Here’s the publisher’s description:
Set against the backdrop of Karachi, Pakistan, Saadia Faruqi’s tender and honest middle grade novel tells the story of two girls navigating a summer of change and family upheaval with kind hearts, big dreams, and all the right questions.
Mimi is not thrilled to be spending her summer in Karachi, Pakistan, with grandparents she’s never met. Secretly, she wishes to find her long-absent father, and plans to write to him in her beautiful new journal.
The cook’s daughter, Sakina, still hasn’t told her parents that she’ll be accepted to school only if she can improve her English test score–but then, how could her family possibly afford to lose the money she earns working with her Abba in a rich family’s kitchen?
Although the girls seem totally incompatible at first, as the summer goes on, Sakina and Mimi realize that they have plenty in common–and that they each need the other to get what they want most.
This relatable and empathetic story about two friends coming to understand each other will resonate with readers who loved Other Words for Home and Front Desk.
Doesn’t it sound fantastic? Let’s hear from Saadia…
Saadia, what inspired you to write this story?
A few summers ago, I was visiting my birth country Pakistan with my children. I observed their reactions as first generation American kids not quite fitting in yet wanting to identify with their heritage. I realized that a lot of children grapple with this dual identity because their parents or grandparents are from “somewhere else”. This discovery became the start of A Thousand Questions.
Are any of the experiences of these girls based on your time in Pakistan?
Mimi, the American girl is based loosely on my two children during their summer break. The story is made up, but her reactions and emotions are very much similar. Sakina, the Pakistani servant girl, has some similarities with my own life growing up. I was lucky enough to go to school but the stressors of poverty and living in a difficult political environment are very familiar to me.
What was the most challenging part of writing this story?
It was probably the easiest book I’ve written, because the story and characters came so easily to me. The challenge was making sure everything was current. I left Pakistan more than 20 years ago, and lots has changed since then. I had to do some research to make sure everything I wrote was accurate and timely.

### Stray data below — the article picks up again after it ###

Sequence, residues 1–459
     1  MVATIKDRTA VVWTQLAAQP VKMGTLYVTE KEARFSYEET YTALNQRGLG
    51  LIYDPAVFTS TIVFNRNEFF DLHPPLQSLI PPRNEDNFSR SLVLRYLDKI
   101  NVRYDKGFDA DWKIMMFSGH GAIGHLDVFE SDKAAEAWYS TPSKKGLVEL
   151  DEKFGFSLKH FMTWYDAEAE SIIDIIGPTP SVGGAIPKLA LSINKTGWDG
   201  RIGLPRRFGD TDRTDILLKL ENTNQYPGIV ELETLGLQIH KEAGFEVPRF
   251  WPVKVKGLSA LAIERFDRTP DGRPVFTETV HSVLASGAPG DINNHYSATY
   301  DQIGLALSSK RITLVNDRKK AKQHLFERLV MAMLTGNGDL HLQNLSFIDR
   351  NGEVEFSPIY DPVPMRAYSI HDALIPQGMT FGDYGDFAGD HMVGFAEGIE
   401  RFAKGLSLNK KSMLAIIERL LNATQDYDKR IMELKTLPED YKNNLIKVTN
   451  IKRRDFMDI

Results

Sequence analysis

Friendship and family are big themes in this book. Why did you want to write about these topics?
Both these topics are my favorites to write about in all my books, whether it’s the early reader series YASMIN or my middle grade novels. I see my own children work on these issues as they grow up in the U.S. and I feel that writing these stories can help a lot of readers work through their struggles as well.
I love the cover for A THOUSAND QUESTIONS. Tell us about it.
I love it too! It’s created by the talented Aaliya Jaleel, who’s illustrated many children’s book covers over the years. It showcases both main characters Mimi and Sakina, but the real gem is the backdrop of buildings that actually exist in Karachi, where the story is set. Many of these buildings are infinitely familiar to me, and bring back memories of my childhood.
What can we look forward to next?
The Yasmin series continues with 4 new titles this year. And I have a new middle grade novel coming in September 2021 called Yusuf Azeem is not a Hero. It’s based on the 20th anniversary of 9/11 and I’m looking forward to sharing it with everyone soon.
Thank you, Saadia!
I LOVE the Yasmin series, and Yusuf is Not a Hero sounds really great. Look for them soon. But right now, check out A THOUSAND QUESTIONS at your library, or buy it through Bookshop.org and support independent bookstores.
Saadia’s also giving away a signed copy of A THOUSAND QUESTIONS in the Rafflecopter giveaway below. Enter as many times as you’d like. The giveaway ends on Feb. 4 and is open to U.S. only. Enter below…